Sunday, December 31, 2006

Cancel Painful Mistakes... The Groundhog Day Technique Revisited!

(I originally wrote this article in 2002. It was quite popular back then and I improved this version with a little editing.)

Do you feel stuck on the treadmill of life? Are your days less than exciting and lacking fulfillment? Do you regret certain things you've done and wish you could have a 'do over'?

Then you may be interested in learning what I call "The Groundhog Day Technique." Part of this technique, I gleaned from the book, Awakened Imagination, by Neville Goddard and the other part, from the classic movie "Groundhog Day," with Bill Murray and Andie MacDowell. I've used this method with great results for years. May it be as useful to you.

Awakened Imagination has a chapter on forgiving yourself and recreating your day, the way you would have liked it to go, in your imagination. By closing my eyes and viewing the day, the way I want it to be, I am, in a sense, rewriting my reality. It's just like being in the movie Groundhog Day.

In that movie, the main character, Bill Murray (the egotistical weatherman Phil Conners), constantly relives a snowy Groundhog Day (up to 10 years worth of the same day), February 2nd in Punxsutawney, Pennsylvania. For most of the movie, Punxsutawney, Pennsylvania is the last place he wants to be. This is the town where if the groundhog sees his shadow, we are supposed to have six more weeks of winter.

Every morning he wakes up at 6am to the same old song and voices on the radio, and its Groundhog Day all over again. Everything is exactly the same. Things can only change if he takes different actions. He is the only person who remembers what happened on the previous versions of Groundhog Day. For everyone else, it's like any other normal day, and they don't know what is going to happen or remember the past versions of the day.

It is one of my favorite movies. He goes through many different experiences. He realizes he doesn't have to suffer any consequences because the next day he gets to start all over again.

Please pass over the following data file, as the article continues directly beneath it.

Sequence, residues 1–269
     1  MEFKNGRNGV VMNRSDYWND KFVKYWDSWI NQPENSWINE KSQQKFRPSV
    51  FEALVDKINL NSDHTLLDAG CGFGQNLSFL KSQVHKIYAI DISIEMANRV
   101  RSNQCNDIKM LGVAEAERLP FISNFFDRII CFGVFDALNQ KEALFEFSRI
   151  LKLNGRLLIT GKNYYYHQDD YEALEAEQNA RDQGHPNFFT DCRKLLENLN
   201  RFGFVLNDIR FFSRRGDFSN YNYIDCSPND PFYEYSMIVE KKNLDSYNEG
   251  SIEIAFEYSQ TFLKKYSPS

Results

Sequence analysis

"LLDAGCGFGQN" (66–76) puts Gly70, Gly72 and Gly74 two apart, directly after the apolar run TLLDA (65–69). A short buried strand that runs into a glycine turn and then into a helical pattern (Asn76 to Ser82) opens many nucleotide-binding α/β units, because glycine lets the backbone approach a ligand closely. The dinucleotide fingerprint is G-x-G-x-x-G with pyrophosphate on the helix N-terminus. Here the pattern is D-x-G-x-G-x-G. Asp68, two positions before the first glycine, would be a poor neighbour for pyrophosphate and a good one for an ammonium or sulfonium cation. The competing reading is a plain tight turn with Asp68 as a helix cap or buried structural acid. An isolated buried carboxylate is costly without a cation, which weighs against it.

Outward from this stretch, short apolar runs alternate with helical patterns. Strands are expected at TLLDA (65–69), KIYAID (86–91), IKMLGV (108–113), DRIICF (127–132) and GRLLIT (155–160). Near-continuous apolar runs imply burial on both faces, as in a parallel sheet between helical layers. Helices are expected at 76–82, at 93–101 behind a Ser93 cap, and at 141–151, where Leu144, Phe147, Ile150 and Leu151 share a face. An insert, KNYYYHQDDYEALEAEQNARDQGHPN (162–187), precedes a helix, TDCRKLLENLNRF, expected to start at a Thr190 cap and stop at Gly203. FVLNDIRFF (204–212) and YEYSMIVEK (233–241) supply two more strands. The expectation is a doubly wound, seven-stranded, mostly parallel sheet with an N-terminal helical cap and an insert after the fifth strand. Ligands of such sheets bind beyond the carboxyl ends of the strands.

Therefore, he indulges himself with all sorts of food and pastries. He finds out personal details about a woman so he can convince her they went to the same high school in order to get her to sleep with him. On later days, he starts breaking the law and he ends up in jail, but in the morning, he wakes up in the hotel and its Groundhog Day, all over again.

Later he kills himself. He does so several times but the next day he wakes up in the same bed and it's Groundhog Day all over again.

After thousands of days of the same day, he starts turning himself into a better man. He starts saving people, taking piano lessons, learnes the names of all the people in the town and gets to know just about everyone.

Eventually he is able to get his girl, but only when he's given up on that goal, via manipulation and trickery and instead is just doing good deeds, all day long and being himself. She ends up loving him because of the man he became. Previously he tried to seduce her by knowing all her interests but she intuitively felt something was wrong.

It is a wonderful movie and even has a few funny moments in it. I don't understand why people call it a comedy. It's actually a deeply inspiring spiritual story.

Your Own Groundhog Day

In essence, we have our own Groundhog Days every time we wake up. We can choose to live our lives and get the most out of them or be like Bill Murray was at first; very negative and self-centered. Each day is a chance to improve on the previous day. And we can even correct problems from the past.

How To Do The Groundhog Day Technique